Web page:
PUD moves forward on plans to upgrade meters
Grant PUD is moving forward with plans to update all utility meters across the county — residential and commercial — to more advanced digital meters.
The Advanced Metering Program is expected to cost about $14.9 million, said Trung Tran, telecom engineering supervisor with the PUD.
The system is expected to pay for itself by 2021, saving the utility about $35 million over the next 10 years, Tran said.
The savings will come in a reduction of staff and, mostly, in transportation-related costs associated with reading those older meters, Tran told the commissioners at their regular Tuesday staff meeting.
No employees will be laid off in the transition to the advanced digital meters; those who are lost through retirement or leaving the utility will not be replaced. Others will be reassigned, Tran explained.
The new advanced digital meters are replacing all meters currently used by customers. The advanced digital meters will be read through a wireless system over the utility’s already existing communications infrastructure, with the information stored in the cloud at a data center in Las Vegas.
Commissioner Tom Flint questioned why data centers in Quincy weren’t being used. The utility doesn’t have much control over the data center used by the vendor staff is recommending, which is Silver Springs, Tran said.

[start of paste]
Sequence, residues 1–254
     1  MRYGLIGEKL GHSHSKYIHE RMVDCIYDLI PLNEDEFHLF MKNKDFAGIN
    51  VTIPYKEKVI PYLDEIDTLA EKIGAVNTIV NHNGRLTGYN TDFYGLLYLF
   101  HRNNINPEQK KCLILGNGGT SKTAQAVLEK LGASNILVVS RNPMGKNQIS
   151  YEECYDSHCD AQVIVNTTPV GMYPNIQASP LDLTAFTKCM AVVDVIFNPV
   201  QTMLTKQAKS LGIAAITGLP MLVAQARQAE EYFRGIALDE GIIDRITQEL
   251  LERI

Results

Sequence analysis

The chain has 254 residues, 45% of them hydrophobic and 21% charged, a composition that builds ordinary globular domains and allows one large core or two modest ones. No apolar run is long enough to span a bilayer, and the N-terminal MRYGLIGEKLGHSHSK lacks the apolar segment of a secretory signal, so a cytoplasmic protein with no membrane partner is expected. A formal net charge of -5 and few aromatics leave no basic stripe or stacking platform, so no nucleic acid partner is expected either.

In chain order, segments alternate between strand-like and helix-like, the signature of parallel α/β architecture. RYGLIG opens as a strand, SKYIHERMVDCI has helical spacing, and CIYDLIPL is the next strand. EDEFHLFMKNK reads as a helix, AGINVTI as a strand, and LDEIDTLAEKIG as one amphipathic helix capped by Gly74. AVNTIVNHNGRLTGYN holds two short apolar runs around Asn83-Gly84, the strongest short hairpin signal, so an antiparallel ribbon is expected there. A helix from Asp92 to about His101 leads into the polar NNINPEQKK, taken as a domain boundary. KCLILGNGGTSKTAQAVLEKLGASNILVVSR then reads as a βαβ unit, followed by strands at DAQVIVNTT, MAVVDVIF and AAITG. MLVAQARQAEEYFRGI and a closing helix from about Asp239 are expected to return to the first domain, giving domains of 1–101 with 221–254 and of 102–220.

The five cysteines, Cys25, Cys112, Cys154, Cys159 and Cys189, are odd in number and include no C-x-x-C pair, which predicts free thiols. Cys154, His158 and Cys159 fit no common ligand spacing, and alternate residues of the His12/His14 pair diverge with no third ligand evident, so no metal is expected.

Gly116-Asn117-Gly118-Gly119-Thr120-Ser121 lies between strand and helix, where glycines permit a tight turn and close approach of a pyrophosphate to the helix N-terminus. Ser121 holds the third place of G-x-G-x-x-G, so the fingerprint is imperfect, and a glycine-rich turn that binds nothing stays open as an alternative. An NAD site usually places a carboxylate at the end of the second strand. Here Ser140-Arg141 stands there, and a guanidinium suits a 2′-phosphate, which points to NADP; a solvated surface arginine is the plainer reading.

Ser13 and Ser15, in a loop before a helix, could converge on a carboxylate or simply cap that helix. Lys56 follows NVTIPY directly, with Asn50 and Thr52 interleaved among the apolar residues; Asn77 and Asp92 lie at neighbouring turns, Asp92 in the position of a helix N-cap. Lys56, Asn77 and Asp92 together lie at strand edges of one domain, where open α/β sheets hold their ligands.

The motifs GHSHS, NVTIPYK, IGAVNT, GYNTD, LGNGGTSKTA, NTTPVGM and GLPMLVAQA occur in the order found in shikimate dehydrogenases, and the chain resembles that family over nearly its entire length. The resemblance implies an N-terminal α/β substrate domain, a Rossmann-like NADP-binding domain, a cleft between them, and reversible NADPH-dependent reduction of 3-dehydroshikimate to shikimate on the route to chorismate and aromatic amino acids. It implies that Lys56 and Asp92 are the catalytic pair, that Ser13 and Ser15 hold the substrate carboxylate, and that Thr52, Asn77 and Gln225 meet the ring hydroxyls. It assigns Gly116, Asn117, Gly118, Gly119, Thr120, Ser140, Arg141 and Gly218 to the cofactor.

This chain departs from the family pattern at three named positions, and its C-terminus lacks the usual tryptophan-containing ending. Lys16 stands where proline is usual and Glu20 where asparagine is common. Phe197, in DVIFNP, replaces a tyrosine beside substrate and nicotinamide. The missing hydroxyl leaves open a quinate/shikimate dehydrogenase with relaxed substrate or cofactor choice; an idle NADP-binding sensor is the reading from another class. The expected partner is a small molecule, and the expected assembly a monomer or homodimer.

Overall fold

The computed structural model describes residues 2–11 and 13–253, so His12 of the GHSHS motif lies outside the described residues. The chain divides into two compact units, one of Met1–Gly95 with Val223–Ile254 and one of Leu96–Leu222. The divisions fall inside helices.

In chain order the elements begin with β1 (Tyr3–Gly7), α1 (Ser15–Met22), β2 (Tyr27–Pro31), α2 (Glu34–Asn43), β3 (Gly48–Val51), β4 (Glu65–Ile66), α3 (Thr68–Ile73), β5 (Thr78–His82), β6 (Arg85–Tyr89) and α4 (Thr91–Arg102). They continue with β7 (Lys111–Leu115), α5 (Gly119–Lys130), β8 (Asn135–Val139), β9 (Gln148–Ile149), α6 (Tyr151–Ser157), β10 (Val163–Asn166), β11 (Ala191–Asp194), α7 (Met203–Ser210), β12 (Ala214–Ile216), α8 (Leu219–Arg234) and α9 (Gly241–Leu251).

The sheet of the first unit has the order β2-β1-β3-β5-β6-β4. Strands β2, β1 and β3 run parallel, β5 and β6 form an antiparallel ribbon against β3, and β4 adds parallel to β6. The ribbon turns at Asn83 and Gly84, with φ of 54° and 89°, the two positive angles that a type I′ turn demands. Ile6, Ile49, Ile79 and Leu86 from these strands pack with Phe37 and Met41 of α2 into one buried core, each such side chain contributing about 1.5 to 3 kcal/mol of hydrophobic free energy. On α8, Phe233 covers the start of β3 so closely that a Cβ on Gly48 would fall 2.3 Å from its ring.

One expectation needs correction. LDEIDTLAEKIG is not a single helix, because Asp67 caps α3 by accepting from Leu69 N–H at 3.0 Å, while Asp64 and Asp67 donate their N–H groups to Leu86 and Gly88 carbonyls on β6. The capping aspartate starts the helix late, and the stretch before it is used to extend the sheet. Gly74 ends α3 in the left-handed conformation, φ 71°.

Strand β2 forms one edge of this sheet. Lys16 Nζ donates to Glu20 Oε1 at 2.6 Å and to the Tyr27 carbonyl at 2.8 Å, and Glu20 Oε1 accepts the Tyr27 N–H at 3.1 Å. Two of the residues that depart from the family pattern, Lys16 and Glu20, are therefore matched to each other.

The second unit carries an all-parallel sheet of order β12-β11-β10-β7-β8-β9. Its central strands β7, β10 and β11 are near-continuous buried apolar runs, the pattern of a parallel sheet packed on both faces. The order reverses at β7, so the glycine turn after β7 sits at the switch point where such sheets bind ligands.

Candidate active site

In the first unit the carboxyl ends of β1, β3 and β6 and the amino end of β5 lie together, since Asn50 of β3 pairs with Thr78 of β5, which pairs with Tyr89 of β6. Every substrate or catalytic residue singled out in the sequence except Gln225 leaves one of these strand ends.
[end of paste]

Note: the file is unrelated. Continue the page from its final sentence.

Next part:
Digital meters will give Grant PUD the ability to better track people’s usage, Tran said. For example, if a customer calls asking why a utility bill is higher than normal, representatives will be able to tell the customer the exact day and time frame when the spike in service occurred, Tran said.
Eventually, the utility hopes to be able to give customers the capability of monitoring their usage online, he said.
The new meters also will be able to cut down on customers who tamper with their meters or tap into the power system. Across the nation, utilities lose 1.6 percent to 3.2 percent of their revenues to tampering, Tran said.
After the meeting, Tran added that the digital meters have multiple levels of security to prevent anyone hacking into the technology.
Customers can opt to have their meters read manually. However, those customers will have to pay for the cost associated with serving the older meters. The PUD has not yet determined what that cost is; staff is still working on those numbers, said Chuck Allen, PUD spokesman.
Tran estimated that the cost to service an electromechanical meter may amount to a one-time $95 fee and then a monthly $70 fee thereafter.
If commissioners approve the move to the advanced digital meters, then the utility would move forward on the project, starting in the Moses Lake area. The Quincy area should be transitioned over to the new meters sometime in late 2017, Tran said.
PUD staff are expected to bring a final plan to commissioners for their approval in the coming weeks.
— By Jill FitzSimmons, firstname.lastname@example.org